Monthly Archives: November 2008

London Jazz Festival 2008.

I was down in London for the first half of the London Jazz Festival, and I went to four gigs.

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First up was Keith Tippett, in a variety of settings. First, he premiered a new piece for piano and string quartet; then he played some piano duets with Stan Tracey (whose quartet I saw in Edinburgh in July); and finally he played a set of improvised music with his wife, Julie Tippetts [sic].

The string quintet was energetic, but didn’t really grab me: it didn’t swing. True, I don’t think it was meant to – but it wasn’t really my kind of thing.

On the other hand, the piano duets were excellent: two of my favourite pianists playing together. They played a couple of extended numbers, pure improvisation as far as I could tell. They played almost as one – I have no idea if how much they rehearsed or planned, but it seemed seamless. I have no idea how they knew each piece was over – indeed, I’m not sure that they did – I think the audience applause in a space they’d left pre-empted the end of one piece!

The duet between piano and voice was interesting, although a little too out there for me. Keith Tippett was trying all sorts of things with the piano – putting stones and metal onto the strings, plucking the strings and so on. The wordless vocals were at times lovely, and there were moments of beauty, but I think I’d have preferred more of the Tippett/Tracey piano duet.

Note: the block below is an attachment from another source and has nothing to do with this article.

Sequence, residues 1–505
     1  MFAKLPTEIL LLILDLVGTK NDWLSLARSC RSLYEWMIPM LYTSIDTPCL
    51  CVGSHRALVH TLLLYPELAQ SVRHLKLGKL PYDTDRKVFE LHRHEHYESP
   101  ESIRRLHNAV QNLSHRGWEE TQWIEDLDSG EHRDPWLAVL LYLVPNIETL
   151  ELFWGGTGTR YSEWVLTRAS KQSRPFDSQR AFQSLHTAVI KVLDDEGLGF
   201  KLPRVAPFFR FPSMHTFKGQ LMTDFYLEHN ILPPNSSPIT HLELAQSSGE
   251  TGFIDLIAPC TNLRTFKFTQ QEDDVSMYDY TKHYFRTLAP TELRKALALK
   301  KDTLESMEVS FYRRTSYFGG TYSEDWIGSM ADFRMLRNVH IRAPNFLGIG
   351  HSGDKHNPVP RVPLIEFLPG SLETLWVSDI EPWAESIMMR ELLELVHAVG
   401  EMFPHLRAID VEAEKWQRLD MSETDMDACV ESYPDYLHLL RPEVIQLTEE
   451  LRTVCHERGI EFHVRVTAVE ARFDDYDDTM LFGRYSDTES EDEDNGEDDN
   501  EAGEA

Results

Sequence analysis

Next up was the Bill Frisell Trio. They were playing along to some silent movies – first up were some abstract, modern animations, then a couple of Buster Keaton movies. The animations I found distracting – I didn’t like the visuals – but the music was brilliant. With the two Keaton movies, the whole thing came together: the films and the music were made for each other. It was brilliant. The trio made some really lovely music – some of it rocking out, some of it country-tinged, some lovely trio jazz. It was an excellent gig!

On the Tuesday, we went to another trio and another audio-visual gig: Henri Texier on bass, Louis Sclavis on saxes and clarinets and Aldo Romano on drums, together with projected photographs by Guy Le Querrec. This was another wonderful, wonderful concert: the three player created such a beautiful sound, at times contemplative, at others energetic and forceful – this was really exciting music. Sclavis had a beautiful sound, particularly on bass clarinet. All in all, it was marvellous. The photos were interesting, too – though I am not sure what they added to the music.

On Sunday, we went to a free gig – kind of coals to the South Bank for me, since it was a couple of Scottish big bands playing: the Tommy Smith Youth Jazz Orchestra and the Scottish National Jazz Orchestra; Tommy Smith directed the first and played tenor and directed the second.

I have seen the Youth Jazz Orchestra a couple of times before, and they never fail to amaze: these young people are brilliant musicians. They played a set of big band standards – Ellington’s Cottontail, Oliver Nelson’s Hoe-Down and so on. They were really good.